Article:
Helen "didn't need anyone to tell me to go and study," but she was helped by the stability of her placement of three and a half years in one residential home and by her close relationship with one of the care workers, who offered her a home after she completed her law degree.
Most of our respondents reported a special relationship with at least one person who made time to talk with and listen to them. The presence of a positive adult role model in the child's life setting as well as the amount of time spent with that person has been found in other studies to be important in fostering resilience (Maluccio, Abamczyk and Thomlison, 1996).



Even though the fact of coming into care might provide relief from a stressful family situation, this did not mean that there were no difficulties. In fact, most of our subjects remarked on how difficult it was to get their educational aspirations recognized. Career advice was either absent or pitched at a very low level. Women who now hold higher degrees were advised to go for nurse or secretarial training. Catering was the career most often recommended to boys.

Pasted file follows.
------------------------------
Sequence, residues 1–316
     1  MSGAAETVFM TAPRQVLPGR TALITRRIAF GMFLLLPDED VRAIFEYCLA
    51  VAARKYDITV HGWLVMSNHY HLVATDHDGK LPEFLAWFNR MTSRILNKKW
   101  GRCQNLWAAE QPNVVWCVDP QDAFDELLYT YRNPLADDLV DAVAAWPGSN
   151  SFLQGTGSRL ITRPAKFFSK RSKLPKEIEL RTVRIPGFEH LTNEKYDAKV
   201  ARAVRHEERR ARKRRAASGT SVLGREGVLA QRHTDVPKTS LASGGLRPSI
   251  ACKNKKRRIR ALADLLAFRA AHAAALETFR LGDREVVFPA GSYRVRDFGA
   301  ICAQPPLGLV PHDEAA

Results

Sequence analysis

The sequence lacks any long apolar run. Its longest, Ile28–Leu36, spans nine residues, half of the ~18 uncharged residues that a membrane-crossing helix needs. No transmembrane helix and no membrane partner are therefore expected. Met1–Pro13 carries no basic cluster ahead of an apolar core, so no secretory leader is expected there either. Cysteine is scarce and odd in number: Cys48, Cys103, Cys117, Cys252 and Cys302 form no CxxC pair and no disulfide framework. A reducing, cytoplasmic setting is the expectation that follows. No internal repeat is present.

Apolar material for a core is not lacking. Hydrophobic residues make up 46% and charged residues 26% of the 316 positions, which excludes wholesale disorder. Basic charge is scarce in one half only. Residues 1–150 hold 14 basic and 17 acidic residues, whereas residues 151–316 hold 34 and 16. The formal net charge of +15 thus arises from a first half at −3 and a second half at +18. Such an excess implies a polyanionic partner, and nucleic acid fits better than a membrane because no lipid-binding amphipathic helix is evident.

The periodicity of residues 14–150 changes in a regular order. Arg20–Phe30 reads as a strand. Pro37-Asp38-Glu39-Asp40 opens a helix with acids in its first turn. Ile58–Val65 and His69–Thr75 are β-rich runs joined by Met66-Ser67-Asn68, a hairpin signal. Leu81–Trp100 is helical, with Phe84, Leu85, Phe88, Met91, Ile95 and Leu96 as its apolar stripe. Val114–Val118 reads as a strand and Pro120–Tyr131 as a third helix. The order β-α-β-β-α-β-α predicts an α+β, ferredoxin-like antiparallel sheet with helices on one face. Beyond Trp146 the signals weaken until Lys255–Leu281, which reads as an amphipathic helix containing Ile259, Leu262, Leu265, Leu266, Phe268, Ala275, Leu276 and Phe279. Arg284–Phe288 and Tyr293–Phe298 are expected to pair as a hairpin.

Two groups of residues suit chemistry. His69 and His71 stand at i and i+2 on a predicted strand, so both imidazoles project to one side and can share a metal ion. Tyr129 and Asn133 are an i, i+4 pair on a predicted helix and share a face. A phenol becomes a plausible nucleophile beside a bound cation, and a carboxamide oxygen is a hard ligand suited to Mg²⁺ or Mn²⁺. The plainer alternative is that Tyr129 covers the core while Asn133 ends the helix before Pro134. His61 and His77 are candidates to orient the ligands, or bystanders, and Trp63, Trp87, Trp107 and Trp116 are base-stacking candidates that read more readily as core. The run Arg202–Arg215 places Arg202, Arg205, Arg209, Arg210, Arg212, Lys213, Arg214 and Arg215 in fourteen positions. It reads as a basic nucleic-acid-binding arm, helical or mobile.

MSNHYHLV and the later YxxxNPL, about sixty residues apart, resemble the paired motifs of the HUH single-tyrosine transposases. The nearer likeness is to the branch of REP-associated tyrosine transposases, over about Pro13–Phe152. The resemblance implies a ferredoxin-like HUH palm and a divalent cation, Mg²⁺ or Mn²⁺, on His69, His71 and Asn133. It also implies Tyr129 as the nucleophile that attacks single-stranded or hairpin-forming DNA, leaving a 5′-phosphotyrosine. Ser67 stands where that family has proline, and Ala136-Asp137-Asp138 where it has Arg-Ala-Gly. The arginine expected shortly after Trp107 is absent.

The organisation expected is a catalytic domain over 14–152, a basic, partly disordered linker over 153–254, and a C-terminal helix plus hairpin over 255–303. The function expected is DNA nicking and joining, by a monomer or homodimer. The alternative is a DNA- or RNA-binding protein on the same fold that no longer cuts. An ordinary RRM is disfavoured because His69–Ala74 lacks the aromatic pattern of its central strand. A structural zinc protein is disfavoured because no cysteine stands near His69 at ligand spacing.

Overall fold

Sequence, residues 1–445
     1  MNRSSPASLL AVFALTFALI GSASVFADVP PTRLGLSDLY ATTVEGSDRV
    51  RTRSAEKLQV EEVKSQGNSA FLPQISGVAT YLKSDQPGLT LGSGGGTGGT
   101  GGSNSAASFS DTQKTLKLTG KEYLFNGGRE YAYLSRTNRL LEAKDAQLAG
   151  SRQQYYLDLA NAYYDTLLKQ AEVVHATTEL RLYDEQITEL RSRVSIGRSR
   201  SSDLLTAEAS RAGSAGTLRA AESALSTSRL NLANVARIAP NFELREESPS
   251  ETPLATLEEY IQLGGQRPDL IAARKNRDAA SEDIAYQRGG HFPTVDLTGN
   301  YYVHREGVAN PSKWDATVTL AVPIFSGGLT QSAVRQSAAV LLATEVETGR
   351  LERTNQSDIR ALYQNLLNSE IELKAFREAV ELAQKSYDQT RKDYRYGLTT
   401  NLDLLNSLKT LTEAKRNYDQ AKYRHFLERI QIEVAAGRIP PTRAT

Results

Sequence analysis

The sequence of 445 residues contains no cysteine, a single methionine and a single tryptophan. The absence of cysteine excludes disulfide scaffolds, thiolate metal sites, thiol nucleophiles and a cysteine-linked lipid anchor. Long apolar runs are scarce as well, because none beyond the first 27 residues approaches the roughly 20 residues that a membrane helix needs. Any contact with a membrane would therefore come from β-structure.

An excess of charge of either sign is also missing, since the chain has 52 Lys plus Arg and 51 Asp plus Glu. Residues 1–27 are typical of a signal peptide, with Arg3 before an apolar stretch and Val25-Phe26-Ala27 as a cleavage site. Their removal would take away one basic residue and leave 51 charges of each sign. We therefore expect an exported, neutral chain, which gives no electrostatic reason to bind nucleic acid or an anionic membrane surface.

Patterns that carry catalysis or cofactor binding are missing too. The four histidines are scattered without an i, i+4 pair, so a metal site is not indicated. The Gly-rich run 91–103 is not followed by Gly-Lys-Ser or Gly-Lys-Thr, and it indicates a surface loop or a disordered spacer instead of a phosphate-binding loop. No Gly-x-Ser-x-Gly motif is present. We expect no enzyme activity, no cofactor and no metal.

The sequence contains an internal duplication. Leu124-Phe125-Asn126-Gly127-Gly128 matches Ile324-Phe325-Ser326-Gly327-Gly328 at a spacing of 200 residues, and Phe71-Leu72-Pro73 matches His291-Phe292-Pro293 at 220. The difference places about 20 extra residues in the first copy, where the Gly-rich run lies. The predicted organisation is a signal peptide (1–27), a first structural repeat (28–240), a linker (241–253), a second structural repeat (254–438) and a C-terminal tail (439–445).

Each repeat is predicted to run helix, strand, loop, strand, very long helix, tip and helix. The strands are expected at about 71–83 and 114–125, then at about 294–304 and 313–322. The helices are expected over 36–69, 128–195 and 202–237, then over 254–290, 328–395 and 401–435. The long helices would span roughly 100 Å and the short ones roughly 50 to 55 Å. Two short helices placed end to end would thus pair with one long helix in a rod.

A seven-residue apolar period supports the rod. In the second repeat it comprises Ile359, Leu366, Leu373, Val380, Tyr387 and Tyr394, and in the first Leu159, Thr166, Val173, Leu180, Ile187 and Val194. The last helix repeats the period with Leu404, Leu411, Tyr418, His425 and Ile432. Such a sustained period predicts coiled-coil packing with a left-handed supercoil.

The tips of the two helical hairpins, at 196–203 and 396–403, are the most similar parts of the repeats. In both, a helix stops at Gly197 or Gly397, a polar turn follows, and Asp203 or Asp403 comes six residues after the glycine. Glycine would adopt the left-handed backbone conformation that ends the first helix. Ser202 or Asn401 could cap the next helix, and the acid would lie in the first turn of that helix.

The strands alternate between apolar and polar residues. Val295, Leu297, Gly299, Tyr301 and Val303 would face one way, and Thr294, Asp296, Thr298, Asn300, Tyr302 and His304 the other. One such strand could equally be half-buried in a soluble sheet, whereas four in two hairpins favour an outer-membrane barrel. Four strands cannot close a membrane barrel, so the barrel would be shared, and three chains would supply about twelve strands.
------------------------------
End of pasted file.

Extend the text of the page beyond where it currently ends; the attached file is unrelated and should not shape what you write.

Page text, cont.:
Residential workers often saw it as a more important part of their job to encourage good social relations and participation in the life of the home rather than facilitating the long hours of private study necessary for success in examinations. Individual care workers might be kind and supportive, but because they normally lacked education themselves, they often had no conception of what was involved in serious academic work. Lack of reference books and difficulty of access to libraries was another frequent problem for those in residential care.